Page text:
Since it was established in the 1850s, the southern border of the United States has been a flashpoint for conflicting points of view. Now, artists from both sides of the border – including Chicago – are searching for meaning in migration.
The title of their show: “The Border Crossed Us.”
Phil Ponce: Navigating the rocky road of migration, a diverse group of artists explores heartbreak and hope on the border between the United States and Mexico.
They come from Chicago, California and Texas – plus Mexico, Honduras and Nicaragua.
At the Bridgeport Art Center, 68 prints by 37 printmakers bridge the border and all its baggage.
They dig deep into their identities and the challenges they face.
Rene Arceo, Arceo Press: Trying to find a place in a new society, trying to fit within the new society, learning a new language, learning new ways of doing things within the society and prevailing, oftentimes over great odds.
The whole idea behind it is to include works of artists that have maybe visited the United States or have moved – like myself – and permanently now live here, that reflect some of the experiences of being from somewhere else.
Ponce: There is danger, humanity and moments of grace in these images that cross many territories and cultures.
Lelde Kalmite, curator, Bridgeport Art Center: The border crosses people and populations and often not [ ] taking into consideration the fact they’ve been traditionally living in a certain place.
Jose Andreu, artist: There’s a lot, all kinds of cultures that have had this problem, this imposing of political boundaries that are not consistent with the boundaries of the communities in which you live.
Ponce: The prints in “The Border Crossed Us” represent a variety of printing techniques: woodcuts, digital prints, etchings and linocuts.
All of the works come from the studio of Chicago’s Arceo Press.
For the cut works, of course the images must be carved in reverse.
Rene Arceo demonstrated how he cuts linoleum, and how a splash of ruby red ink, applied in a thin layer to a hand-cut sheet of linoleum that is then run under a printing press, can create a work of art.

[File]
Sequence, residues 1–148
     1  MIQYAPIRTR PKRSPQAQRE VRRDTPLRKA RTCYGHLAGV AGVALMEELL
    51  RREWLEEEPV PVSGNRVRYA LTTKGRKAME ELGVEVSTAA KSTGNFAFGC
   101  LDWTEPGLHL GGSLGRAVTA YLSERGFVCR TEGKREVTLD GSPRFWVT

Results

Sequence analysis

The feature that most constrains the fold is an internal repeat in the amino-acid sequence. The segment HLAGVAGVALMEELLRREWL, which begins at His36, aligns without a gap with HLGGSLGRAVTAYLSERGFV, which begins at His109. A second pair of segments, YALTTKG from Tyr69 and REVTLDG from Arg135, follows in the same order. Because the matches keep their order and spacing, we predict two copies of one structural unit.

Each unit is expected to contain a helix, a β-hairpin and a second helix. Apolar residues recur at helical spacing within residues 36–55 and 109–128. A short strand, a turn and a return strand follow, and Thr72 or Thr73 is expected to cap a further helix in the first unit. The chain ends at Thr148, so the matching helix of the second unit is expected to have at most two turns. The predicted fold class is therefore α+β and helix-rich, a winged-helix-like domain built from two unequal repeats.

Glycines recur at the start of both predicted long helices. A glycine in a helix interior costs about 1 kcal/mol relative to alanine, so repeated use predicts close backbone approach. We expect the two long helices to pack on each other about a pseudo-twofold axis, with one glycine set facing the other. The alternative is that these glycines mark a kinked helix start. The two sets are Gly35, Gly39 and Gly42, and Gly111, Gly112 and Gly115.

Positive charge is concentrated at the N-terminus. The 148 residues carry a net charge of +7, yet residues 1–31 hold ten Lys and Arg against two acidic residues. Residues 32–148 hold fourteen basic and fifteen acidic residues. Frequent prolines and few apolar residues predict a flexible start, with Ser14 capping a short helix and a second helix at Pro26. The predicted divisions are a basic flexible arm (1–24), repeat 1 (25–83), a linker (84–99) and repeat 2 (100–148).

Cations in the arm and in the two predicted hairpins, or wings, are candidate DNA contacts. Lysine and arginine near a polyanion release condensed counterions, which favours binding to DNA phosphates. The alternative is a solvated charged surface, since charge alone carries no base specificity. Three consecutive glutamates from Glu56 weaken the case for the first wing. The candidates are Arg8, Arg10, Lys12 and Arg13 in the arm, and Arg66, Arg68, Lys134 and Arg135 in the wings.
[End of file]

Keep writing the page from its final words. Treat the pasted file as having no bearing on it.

A work of art that can evolve by adding new colors and fresh cuts to the linoleum.
Arceo: I came originally in 1979, I was 19 years old. I came from western Mexico from the state of Michoacán, from a tiny little town not too far from the city of Guadalajara.
Printing is something that I was always in a way in the back of my mind aware of, because when I went to public school in Mexico there was always images of Mexican printmakers, illustrating the books.
Ponce: Arceo came to the U.S. 40 years ago. His family hired a coyote guide to lead him, his brother and a cousin. We asked about the experience.
Arceo: So we ended up actually coming through with a coyote through the city of Tijuana, crossing the border overnight, waiting until the helicopters stopped spinning around up in the sky. And walking through with the coyote in the middle of the night all the way to Santa Clara. Then from there they put us in the trunk of a car and from there they drove us to a field, and when we arrived, there were several other groups also that had been brought by other coyotes as well.
Ponce: He came to Chicago, married and became a citizen.
He studied at the Art Institute and now teaches visual art at a Chicago public school in Logan Square.
We asked him if his border crossing was as frightening as it sounds.
Arceo: When you are young you don’t really measure the – the risk and the things that could happen until you hear all the stories that went wrong.
Ponce: Now he leads a group of artists in search of themes that cross frontiers.
Arceo: From crossing the border, from having been discriminated against, the need that we have for example of re-emphasizing our sense of identity of who we are, where we come from, that we try to go back to our origins and our ancestry.
The show has already been seen in Morelia, Mexico. It is on view at the Bridgeport Art Center through Friday, Sept. 13.